Most pesticides work by causing chemical disruption of the brain and nervous system of insects. In fact, many pesticides are merely derivations of chemical warfare agents of the World War I and World War II era, i.e. nerve gases. It should be no surprise, then, that human nerve cells could also be affected, especially when considering that at the critical embryonic stage, the human fetal brain is no larger than that of many insects. Research confirms that mothers more exposed to commonly used, “safe” pesticides bear children with lower intelligence (1,2,3,4,5), structural brain abnormalities (6), behavioral disorders, compromised motor skills (7,8), higher rates of brain cancer (9), and smaller head size (10).
In December 2013, the European Food Safety Authority ruled that the controversial pesticides linked to declines in bee populations, the neonicotinamides, may adversely affect the development of neurons and brain structures in unborn babies.
Adult neurologic diseases like Parkinson’s and an acceleration of cognitive decline are more common in adults with even modest exposure to “legal” pesticides (11, 12). Adults with high levels of DDT metabolites are four times more like to have Alzheimer’s (13).
In May 2007, 200 of the world’s foremost pediatricians, toxicologists, epidemiologists and environmental scientists at a worldwide conference issued this warning, “Given the ubiquitous exposure to many environmental toxicants, there needs to be renewed efforts to prevent harm. Such prevention should not await detailed evidence on individual hazards. … Toxic exposures to chemical pollutants during these windows of increased susceptibility can cause disease and disability in childhood and across the entire span of human life.”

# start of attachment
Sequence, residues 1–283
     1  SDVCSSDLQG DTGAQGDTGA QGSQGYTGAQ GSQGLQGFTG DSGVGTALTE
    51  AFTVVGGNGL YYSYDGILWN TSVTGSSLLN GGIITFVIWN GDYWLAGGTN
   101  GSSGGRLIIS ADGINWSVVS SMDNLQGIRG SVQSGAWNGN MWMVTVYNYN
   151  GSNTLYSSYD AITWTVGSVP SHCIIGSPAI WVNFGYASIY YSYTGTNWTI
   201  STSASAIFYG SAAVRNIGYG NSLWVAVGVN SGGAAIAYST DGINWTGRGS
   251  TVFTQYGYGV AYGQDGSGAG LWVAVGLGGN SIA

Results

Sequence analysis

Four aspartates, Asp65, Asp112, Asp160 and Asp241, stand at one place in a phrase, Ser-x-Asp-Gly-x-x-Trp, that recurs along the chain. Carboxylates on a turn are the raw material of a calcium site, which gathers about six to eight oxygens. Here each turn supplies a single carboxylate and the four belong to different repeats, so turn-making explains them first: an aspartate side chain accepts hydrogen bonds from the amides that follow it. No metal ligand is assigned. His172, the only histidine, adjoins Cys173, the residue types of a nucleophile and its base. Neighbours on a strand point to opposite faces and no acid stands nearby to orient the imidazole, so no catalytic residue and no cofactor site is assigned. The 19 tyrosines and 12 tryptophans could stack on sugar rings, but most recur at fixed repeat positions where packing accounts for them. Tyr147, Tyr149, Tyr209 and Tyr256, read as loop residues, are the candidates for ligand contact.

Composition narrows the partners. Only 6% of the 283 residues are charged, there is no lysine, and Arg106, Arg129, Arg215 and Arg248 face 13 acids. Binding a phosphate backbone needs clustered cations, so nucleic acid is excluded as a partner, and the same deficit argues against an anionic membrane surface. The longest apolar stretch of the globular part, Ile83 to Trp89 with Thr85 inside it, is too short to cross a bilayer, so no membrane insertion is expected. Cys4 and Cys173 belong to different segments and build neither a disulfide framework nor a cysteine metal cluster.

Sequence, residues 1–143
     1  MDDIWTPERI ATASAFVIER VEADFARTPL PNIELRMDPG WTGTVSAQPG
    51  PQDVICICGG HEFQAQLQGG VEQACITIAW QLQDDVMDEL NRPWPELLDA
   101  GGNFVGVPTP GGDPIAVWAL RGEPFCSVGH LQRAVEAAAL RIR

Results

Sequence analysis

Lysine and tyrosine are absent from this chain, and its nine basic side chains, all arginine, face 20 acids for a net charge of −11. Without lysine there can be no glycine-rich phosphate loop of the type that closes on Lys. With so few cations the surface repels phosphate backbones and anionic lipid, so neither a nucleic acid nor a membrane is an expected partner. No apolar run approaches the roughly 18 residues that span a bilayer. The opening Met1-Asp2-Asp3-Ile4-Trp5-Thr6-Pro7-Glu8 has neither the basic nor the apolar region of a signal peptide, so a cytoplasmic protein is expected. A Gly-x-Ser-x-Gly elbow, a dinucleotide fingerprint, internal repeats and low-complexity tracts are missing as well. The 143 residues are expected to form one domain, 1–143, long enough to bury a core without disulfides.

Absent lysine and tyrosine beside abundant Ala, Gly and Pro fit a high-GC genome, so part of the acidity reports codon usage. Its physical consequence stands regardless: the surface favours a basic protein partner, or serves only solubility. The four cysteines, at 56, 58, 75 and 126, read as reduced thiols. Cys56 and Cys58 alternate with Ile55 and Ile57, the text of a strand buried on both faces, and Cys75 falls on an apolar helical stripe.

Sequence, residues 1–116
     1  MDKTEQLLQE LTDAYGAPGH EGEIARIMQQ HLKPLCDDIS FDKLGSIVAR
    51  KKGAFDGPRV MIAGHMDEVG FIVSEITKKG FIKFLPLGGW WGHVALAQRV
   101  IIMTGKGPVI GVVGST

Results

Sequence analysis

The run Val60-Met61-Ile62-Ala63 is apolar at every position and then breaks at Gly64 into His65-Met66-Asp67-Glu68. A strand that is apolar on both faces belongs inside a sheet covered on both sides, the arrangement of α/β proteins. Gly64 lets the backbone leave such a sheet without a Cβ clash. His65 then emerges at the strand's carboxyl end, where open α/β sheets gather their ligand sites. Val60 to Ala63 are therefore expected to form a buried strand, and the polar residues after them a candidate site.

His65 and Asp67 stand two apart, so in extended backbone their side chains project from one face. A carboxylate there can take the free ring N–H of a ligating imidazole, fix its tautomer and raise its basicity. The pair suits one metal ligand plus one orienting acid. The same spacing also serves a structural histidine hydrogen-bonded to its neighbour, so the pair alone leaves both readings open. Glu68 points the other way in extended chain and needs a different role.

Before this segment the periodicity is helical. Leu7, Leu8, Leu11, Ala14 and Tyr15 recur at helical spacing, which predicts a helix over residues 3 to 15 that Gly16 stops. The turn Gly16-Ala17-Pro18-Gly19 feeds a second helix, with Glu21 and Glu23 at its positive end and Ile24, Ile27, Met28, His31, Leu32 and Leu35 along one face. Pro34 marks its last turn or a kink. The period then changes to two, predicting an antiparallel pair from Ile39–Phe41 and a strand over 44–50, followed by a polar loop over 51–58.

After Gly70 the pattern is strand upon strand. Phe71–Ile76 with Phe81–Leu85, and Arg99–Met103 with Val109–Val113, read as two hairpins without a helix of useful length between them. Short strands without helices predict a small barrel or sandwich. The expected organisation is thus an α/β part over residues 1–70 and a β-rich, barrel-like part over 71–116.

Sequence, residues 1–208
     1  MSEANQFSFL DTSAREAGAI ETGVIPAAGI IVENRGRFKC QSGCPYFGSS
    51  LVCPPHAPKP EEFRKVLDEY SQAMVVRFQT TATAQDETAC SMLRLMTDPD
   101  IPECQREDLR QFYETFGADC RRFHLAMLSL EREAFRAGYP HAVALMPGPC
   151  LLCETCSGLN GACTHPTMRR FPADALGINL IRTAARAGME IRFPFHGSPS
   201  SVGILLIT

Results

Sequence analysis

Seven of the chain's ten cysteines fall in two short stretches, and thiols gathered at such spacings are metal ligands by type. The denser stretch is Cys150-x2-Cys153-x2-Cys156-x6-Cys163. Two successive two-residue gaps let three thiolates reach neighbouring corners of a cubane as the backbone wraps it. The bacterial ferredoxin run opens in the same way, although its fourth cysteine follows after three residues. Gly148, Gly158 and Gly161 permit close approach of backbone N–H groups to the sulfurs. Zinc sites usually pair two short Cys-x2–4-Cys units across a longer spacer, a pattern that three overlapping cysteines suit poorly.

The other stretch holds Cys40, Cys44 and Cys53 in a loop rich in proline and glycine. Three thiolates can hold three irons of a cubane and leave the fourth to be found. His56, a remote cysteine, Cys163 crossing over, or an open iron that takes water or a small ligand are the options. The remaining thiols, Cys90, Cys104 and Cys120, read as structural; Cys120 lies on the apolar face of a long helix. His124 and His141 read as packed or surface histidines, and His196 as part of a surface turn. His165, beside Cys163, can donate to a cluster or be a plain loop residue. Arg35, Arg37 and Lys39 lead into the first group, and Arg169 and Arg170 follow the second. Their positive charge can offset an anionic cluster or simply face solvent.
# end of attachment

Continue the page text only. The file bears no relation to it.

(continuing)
The scientists explained that exposure to common chemicals skewed the development of critical organs in fetuses and newborns, increasing their chances of developing diabetes, cancer, attention deficit disorders, thyroid damage, diminished fertility, and other conditions in later life.
In October 2013, the American College of Obstetricians and Gynecologists and the American Society for Reproductive Medicine, representing well over 50,000 physicians and other health-care professionals, issued a joint statement: “Patient exposure to toxic environmental chemicals and other stressors is ubiquitous, and preconception and prenatal exposure to toxic environmental agents can have a profound and lasting effect on reproductive health across the life course.” On their website they stated further that, “Reproductive and health problems associated with exposure to toxic environmental agents: Miscarriage and stillbirth, Impaired fetal growth and low birth weight, Preterm birth, Childhood cancers, Birth defects, Cognitive/intellectual impairment, Thyroid problems.”
The Standing Committee of European Doctors – which brings together the continent’s top physicians’ bodies, including the British Medical Association, stated, “Chemical pollution represents a serious threat to children, and to Man’s survival.“
In June 2009, the Endocrine Society, comprised of 14,000 hormone researchers and medical specialists in more than 100 countries, warned that “even infinitesimally low levels of exposure [to endocrine-disrupting chemicals] – indeed, any level of exposure at all – may cause endocrine or reproductive abnormalities, particularly if exposure occurs during a critical developmental window. Surprisingly, low doses may even exert more potent effects than higher doses.” And in November 2009, the American Medical Association Board of Delegates approved a resolution that called on the federal government to minimize the public’s exposure to BPA and other endocrine-disrupting chemicals. The measure was advanced by the Endocrine Society, the American Society for Reproductive Medicine and the American College of Obstetricians and Gynecologists.
Tracking 163 chemicals, 99 percent of pregnant women tested positive for at least 43 different chemicals.